Thursday, April 14, 2016

Productively Writing Nothing

Ever had one of those weeks where you worked your butt off and still managed to accomplish nothing? Yup. That was me.

I told you last week how I was working fairly diligently on populating Ashitar for the Sunday D&D session, as well as building more of its history. Well, Friday I spent the better part of TEN. FLIPPIN'. HOURS. working on this project. I did some research before work. I did some more during my lunch break. Some more while waiting for Hubby to get out of work. And I kept going from the moment I got home until I nearly passed out on the couch. I didn't even realize I wasn't getting anywhere or missing out on more productive things, such as actual writing or at least cleaning the apartment.

I had stumbled upon the D&D Wiki page on town-building - which I would have gone to first if I had thought about it existing - and just set up camp. I went through all the charts and percentages and algorithms on this insanely-long page. I set up spreadsheet charts with their own algorithms built so all I have to do is input the population next time. And what did I accomplish with all of this?

I know how much of the population is male vs female. How many are able-bodied adults vs children, elderly, and infirm. I know how many are elderly, and how many of THEM are male vs female. I know how many are infirm, and again the sex-split within that category. I know how many children are boys, and how many are girls. I know how many are teens, which is only 13-15 in the D&D world since you reach adulthood at fifteen. I know how many children are 3-13, and how many are toddlers or infants. I know how many are any given race between human, elf, half-elf, halfling, dwarf, gnome, and half-orc. I also know the professions found in Ashitar, and the breakdown of how many of each profession there are.

Do I know anything of any significance? Like the names of the important players in the town? The layout of Ashitar? The names of the Assassin's Guild or Thieve's Den? The names of the pubs they hang out in? Any "quest givers" for the party? Nope. Not a clue. At least, not when I was done "working" on Friday.

A whole lot of studying, planning, and work focusing on entirely the wrong things. That's me!

I don't recall why, but Saturday was also a bust. So here it is, Sunday. Everyone was coming over to play, and I have nothing to work with. I got done with yet another overnight shift close to two hours before my husband would be done, and so I sat in the break room and just worked. I doodled out a VERY rough city map. I scribbled down every possible Quest Thread that I could think of. I came up with rumors that would be going throughout the place. I was on fire! I felt accomplished when Hubby showed up in the break room to let me know he was done.

I was even more amazed when I found out that he got his work done about an hour early, and I had accomplished all of that in around 45minutes! Whoo! I guess first thing in the morning IS my prime creativity time. I miss having my Sunday Insomnia writing sessions.

Unfortunately, it ended up being all for naught. My main quest giver felt her world crumbling around her and acted with emotion instead of thought. She meant no harm, but it put a couple player-characters on the defensive. Which lead them to irritate her since she interpreted their defensiveness as disrespect. So now Hubby and Quarthix's characters believe the human baroness racist against all non-humans - Hubby's an elf and Quarthix is a dwarf - and wish to have little to nothing to do with her. Meanwhile, she doesn't want to be in the same room with these disrespecting people. The likelihood that I can get the three of them together for her to offer a paid quest seems difficult, and so that has been my challenge this week: find a way to get them to all play nice.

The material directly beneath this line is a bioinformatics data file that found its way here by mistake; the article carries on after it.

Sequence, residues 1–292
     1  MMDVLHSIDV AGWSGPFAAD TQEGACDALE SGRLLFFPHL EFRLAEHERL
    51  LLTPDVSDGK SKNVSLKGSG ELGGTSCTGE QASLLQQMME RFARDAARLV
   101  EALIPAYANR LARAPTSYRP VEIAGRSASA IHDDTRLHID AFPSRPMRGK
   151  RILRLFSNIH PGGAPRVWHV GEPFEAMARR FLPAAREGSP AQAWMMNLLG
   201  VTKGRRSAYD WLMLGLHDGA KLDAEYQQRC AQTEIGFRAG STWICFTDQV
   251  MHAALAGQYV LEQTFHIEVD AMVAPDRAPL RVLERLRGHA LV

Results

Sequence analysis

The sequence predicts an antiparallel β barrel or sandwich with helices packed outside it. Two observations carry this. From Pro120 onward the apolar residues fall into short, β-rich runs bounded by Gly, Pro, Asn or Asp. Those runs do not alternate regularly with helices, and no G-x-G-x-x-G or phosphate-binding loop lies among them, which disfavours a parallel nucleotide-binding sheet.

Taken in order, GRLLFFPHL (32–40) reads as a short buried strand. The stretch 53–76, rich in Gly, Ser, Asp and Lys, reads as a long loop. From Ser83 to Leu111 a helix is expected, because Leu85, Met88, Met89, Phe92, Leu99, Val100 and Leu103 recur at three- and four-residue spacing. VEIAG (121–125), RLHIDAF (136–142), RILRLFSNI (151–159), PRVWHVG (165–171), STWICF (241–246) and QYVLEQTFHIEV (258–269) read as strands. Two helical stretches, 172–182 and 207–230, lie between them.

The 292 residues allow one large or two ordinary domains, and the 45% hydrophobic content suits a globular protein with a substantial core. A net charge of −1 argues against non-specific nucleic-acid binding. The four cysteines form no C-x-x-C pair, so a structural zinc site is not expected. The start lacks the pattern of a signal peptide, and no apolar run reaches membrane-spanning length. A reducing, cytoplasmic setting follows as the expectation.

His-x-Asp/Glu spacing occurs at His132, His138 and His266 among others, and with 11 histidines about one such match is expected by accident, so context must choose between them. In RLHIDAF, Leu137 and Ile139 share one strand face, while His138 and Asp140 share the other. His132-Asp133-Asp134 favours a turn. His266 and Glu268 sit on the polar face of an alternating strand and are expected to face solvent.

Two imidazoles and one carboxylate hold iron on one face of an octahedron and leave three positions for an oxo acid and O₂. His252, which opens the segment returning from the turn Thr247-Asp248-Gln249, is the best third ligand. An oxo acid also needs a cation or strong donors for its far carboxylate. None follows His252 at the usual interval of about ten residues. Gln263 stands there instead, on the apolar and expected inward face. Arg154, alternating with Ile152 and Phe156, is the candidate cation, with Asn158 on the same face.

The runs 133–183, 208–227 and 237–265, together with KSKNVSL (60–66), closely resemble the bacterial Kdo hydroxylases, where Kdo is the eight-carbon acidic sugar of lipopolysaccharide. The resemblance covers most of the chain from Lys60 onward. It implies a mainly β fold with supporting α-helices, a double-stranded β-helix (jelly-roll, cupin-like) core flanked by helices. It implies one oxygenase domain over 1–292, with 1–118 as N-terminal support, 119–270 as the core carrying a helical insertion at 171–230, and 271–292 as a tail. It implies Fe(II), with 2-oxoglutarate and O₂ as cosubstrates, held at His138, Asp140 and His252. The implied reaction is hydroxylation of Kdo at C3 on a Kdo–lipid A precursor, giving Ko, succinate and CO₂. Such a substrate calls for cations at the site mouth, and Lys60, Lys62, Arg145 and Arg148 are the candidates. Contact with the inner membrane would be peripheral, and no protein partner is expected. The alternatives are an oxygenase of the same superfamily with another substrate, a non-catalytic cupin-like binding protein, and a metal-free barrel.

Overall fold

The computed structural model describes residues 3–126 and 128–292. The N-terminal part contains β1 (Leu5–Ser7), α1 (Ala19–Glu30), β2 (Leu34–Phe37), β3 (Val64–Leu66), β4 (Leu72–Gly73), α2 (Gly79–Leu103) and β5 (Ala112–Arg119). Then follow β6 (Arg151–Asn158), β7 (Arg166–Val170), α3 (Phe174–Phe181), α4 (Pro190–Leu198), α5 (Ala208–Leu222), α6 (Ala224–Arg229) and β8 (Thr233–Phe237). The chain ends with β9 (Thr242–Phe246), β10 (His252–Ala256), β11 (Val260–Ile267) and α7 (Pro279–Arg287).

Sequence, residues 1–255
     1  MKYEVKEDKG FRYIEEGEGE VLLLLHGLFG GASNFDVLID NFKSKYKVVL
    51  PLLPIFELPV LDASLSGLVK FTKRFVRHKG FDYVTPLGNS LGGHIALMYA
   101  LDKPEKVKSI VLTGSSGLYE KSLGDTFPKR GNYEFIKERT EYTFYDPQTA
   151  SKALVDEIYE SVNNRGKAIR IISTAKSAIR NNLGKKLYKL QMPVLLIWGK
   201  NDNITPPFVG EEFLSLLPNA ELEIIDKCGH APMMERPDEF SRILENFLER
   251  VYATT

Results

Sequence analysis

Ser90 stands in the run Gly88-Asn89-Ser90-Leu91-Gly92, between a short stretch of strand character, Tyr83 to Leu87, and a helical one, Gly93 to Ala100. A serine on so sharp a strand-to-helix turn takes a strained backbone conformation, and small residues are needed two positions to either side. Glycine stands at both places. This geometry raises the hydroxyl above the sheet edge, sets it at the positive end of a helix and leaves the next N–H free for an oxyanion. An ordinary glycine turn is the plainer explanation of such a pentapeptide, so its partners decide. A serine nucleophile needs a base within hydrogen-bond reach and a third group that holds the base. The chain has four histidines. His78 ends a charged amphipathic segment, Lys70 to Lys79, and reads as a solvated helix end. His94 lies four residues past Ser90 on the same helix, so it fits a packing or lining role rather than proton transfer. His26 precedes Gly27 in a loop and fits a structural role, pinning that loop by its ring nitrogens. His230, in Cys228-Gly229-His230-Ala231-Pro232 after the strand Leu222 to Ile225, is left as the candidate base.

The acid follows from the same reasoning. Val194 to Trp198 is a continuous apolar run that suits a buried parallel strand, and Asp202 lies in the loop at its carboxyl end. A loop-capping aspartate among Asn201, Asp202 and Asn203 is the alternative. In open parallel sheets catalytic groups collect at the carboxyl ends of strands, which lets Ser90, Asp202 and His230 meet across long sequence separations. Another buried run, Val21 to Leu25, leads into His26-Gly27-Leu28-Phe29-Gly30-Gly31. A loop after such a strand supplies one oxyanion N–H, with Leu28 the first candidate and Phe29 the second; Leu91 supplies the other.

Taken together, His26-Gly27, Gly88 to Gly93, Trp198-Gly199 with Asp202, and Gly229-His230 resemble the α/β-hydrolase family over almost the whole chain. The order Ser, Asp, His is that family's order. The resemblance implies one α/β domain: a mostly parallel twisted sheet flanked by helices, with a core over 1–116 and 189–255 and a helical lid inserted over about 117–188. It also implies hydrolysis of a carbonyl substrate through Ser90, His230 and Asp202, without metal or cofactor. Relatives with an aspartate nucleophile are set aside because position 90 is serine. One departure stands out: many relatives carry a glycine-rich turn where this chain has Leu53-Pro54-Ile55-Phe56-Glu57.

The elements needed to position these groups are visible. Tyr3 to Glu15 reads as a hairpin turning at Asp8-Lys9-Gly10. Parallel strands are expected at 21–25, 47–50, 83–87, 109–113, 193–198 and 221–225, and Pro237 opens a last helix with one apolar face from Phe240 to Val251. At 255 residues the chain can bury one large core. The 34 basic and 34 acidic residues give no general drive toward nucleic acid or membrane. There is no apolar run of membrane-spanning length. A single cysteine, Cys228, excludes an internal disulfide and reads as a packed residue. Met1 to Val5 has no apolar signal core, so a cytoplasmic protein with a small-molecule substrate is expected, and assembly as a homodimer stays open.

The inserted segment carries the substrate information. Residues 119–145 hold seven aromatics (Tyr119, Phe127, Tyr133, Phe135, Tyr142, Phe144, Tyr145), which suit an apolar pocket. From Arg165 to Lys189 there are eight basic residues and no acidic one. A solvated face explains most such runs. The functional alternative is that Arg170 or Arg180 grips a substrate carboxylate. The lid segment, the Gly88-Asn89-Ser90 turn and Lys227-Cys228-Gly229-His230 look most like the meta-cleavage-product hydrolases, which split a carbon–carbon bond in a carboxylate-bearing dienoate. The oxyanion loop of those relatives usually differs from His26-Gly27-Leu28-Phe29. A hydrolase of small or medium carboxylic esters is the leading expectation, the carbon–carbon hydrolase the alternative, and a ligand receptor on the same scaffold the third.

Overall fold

Well, on top of that challenge already, Hubby's character convinced another to be a bit naughty, to say the least. See, our friend Goob has a bard for a character, which means he has a lot of Charisma that he can use for, say... bluffing someone. Hubby's character reminded Goob's character that the Baroness said that she wanted them out of her sight, and that she "didn't care where they went, as long as it wasn't in the same room as her." He used this wording to convince the bard that this would mean she wouldn't mind them checking out the mansion's coffer.

Goob's character used his bluff to convince the simple town guard sent to escort them that he should give them a tour of the mansion first; starting at the mansion's coffer.

In reality, I should have just said, "The guard knows better. You cannot bluff him about this." However, I'm new to DMing, I was tired from working the overnight and not napping before game started, and so I just rolled to see if the guard believed the bard. Alas, he not only believed him, he thought it was an order from the Baroness. He faithfully lead the party down to the coffer, where Hubby's character skillfully thieved two out of the three jewels resting in the safe. Again, I should have been like "NO!" but....

So, not only do I have to smooth things over between the Baroness and the party so they can get their main quest-line from her, but I have to make everyone too stupid to realize that the jewels magically disappeared from the coffer about the same time these strange people - who were already disrespectful, in the Baroness' eyes - were in the mansion. Oh yeah, and Hubby cleaved one of his stolen goods, a black pearl, in half in order to set them into the eye sockets of the black dragon skull he is turning into a helm for Quarthix's dwarf. So, naturally, either the dwarf never sets foot in Ashitar again - which sucks since I was planning on having it be the party's home-base for at least another six quests or so - or he can't wear his helm anywhere near town for fear of someone recognizing the black pearl. Hubby claims it will be fine because it will look like TWO black pearls, when only one was stolen. Still..... It's bad enough Quarthix kept some of the Baron's rings when they found him dead in a dungeon. He was smart enough to take those off before seeing the man's widow, but to hide those AND the black pearl dragon helm? I don't know how to convince Quarthix to have his character stay at Ashitar; aside from going "I'm the DM and I say you have to stay here!"
Hacker Girl Facebook sticker
by Birdman, Inc.
So, yeah, it's been a fun week trying to figure all of THAT out. So it didn't really leave me much extra time to, ya know, WRITE.